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Shale Gas Glut: An Object Lesson In Basic Economics

Supply and demand is at the heart of basic economics and that applies equally to commodities markets. Nowhere is that currently more apparent than in the shale gas market.

An excess in the supply of natural gas has led three of Britain’s biggest companies to write down $6.2bn (£4bn) of assets in the last two weeks. Given the significant expansion plans being pursued by mining companies across a wide range of commodities, it’s worth asking whether the supply surfeit problem is going to be replicated elsewhere.

On Friday, BHP Billiton became the latest UK blue chip to slash the value of its US shale gas business, taking a $2.84bn hit. The resources giant only bought the assets last year – spending $4.75bn buying Fayetteville from Chesapeake Energy. Shale gas prices have plunged by about 50pc since the purchase and Marius Kloppers, BHP’s chief executive, has forgone his bonus as penance.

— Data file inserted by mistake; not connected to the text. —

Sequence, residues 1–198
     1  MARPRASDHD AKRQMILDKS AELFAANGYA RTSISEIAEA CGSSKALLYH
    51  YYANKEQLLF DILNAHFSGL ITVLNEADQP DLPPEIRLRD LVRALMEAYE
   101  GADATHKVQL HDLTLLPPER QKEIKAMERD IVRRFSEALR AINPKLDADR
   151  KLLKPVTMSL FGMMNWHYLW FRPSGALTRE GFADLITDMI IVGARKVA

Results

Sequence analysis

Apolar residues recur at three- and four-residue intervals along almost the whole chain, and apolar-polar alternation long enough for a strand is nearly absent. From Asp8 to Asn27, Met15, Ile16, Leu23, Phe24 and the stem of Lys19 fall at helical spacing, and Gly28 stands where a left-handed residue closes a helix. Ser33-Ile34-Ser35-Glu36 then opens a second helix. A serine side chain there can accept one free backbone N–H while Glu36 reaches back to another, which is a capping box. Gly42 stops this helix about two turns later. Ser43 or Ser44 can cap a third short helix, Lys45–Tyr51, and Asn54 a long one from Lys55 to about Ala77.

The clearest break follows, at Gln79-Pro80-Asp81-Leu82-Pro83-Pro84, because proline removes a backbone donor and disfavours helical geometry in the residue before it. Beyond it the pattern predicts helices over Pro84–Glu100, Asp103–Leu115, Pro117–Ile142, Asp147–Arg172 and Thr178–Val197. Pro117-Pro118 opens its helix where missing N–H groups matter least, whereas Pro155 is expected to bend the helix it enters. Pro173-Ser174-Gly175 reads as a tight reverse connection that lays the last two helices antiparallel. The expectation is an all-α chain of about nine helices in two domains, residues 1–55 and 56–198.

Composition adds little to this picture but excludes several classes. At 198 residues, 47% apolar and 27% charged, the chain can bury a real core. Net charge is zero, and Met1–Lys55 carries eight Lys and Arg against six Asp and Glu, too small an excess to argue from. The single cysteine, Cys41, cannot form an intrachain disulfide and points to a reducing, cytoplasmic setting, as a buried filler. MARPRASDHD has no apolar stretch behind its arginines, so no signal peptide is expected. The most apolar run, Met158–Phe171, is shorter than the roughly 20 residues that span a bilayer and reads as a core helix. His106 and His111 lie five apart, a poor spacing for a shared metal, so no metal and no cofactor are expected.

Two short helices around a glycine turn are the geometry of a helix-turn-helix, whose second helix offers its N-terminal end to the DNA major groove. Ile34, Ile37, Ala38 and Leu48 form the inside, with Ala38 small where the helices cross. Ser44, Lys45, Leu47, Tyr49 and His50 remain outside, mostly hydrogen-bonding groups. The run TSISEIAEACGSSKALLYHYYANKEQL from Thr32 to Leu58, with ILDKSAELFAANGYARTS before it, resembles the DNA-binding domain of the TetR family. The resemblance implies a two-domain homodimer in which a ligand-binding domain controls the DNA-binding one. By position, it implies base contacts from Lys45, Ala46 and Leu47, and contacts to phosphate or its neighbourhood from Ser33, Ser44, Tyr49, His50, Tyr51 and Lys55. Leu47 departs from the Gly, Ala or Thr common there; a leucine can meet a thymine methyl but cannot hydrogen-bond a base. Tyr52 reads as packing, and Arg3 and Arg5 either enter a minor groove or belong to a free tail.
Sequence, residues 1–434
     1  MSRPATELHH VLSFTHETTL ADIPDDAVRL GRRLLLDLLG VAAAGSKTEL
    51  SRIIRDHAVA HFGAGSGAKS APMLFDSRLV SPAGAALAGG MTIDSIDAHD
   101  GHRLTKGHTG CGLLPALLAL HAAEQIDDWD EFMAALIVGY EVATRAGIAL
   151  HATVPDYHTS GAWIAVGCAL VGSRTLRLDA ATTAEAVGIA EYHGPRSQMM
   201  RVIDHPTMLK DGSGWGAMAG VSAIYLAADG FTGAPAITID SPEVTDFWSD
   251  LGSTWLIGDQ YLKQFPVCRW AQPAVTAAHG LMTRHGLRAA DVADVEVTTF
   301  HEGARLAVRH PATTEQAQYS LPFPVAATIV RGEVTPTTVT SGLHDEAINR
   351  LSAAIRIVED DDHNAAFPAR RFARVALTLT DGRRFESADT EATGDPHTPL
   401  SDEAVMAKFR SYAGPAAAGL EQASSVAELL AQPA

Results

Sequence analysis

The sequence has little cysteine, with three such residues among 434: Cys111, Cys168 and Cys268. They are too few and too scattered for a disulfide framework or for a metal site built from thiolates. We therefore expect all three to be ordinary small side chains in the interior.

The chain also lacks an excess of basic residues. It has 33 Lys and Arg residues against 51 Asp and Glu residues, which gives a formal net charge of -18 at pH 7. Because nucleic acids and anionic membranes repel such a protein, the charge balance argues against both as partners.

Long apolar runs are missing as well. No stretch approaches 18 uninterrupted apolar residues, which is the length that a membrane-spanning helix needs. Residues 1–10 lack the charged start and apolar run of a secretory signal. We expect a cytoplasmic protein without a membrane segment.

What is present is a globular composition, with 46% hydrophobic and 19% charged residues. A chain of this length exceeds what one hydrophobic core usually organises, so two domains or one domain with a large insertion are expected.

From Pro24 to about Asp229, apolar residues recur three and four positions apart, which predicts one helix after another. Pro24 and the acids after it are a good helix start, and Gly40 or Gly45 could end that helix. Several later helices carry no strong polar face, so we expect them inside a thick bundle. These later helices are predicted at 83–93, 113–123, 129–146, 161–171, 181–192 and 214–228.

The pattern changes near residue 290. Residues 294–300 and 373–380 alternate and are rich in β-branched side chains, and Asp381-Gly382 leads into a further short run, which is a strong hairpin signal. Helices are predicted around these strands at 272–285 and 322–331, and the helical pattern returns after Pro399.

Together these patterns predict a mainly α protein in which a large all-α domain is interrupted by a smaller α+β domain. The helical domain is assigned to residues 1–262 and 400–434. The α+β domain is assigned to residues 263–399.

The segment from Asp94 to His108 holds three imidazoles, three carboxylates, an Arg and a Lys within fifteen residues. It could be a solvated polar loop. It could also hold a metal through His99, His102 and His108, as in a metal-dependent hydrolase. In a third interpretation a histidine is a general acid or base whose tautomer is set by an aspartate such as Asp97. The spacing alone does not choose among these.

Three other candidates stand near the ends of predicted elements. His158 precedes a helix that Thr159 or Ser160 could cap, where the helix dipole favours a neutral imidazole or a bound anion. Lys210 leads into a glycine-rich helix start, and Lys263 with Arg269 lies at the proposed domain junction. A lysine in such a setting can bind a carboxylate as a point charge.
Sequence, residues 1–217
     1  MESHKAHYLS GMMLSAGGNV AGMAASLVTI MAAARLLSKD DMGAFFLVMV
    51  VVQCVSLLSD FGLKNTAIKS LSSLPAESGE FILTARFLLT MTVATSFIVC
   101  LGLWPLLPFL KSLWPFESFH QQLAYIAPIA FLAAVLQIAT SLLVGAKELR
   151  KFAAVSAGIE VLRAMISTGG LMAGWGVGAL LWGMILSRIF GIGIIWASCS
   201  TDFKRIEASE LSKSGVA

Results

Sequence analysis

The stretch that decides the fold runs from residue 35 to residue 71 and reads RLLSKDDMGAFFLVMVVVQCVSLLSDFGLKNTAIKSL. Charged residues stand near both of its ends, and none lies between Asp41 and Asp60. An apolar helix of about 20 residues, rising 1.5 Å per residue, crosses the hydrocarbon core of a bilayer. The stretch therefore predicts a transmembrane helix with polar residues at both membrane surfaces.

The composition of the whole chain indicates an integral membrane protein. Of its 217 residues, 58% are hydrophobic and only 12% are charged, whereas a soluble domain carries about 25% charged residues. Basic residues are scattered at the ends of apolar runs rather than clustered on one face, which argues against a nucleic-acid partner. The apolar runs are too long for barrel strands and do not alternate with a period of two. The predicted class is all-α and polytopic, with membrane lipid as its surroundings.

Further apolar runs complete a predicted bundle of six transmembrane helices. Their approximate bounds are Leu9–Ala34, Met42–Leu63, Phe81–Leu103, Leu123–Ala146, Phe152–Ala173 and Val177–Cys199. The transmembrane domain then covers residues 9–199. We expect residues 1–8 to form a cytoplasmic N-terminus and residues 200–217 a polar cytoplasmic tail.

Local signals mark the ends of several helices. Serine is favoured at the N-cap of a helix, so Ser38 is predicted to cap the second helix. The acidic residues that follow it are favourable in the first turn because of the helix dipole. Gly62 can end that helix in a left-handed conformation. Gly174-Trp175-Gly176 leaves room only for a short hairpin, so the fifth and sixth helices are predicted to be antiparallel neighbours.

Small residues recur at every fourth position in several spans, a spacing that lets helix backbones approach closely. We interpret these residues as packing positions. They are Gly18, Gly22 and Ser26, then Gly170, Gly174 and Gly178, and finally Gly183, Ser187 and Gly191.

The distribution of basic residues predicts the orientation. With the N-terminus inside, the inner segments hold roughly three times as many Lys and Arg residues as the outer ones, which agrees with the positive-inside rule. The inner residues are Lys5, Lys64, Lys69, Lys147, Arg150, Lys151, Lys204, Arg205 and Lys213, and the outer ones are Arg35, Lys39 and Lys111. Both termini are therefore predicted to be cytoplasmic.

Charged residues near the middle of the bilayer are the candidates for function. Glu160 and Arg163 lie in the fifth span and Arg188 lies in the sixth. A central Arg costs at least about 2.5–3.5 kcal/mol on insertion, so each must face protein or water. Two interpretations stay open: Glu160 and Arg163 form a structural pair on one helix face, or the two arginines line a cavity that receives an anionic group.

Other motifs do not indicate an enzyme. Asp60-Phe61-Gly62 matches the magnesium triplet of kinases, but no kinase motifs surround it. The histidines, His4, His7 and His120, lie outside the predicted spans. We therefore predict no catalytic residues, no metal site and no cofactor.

BHP’s move to slash the value of the assets was not a surprise, following on from a $2.1bn writedown from BP and $1.3bn from BG Group over the last fortnight.

The problem is an excess of supply. Large companies including Exxon and Chevron bought a series of shale assets from independent companies, with a view to using their superior financial firepower to develop the assets quickly.

The majors delivered on their promises, resulting in a glut of gas that has kept prices low. In effect, shale gas producers have been a victim of their own success and the country does not have the infrastructure in place to export the gas to Asian markets in the form of liquified natural gas (LNG). That will be several years in the making.

US natural gas prices, as measured at the Henry Hub in Louisiana, peaked at $14 per thousand cubic feet in 2005. Earlier this year the price slumped to a lowly $1.80 after a warm US winter, but has since recovered to about $3.


Essentially the rush for shale gas assets turned into a classic bubble. A bubble that has now gone pop.

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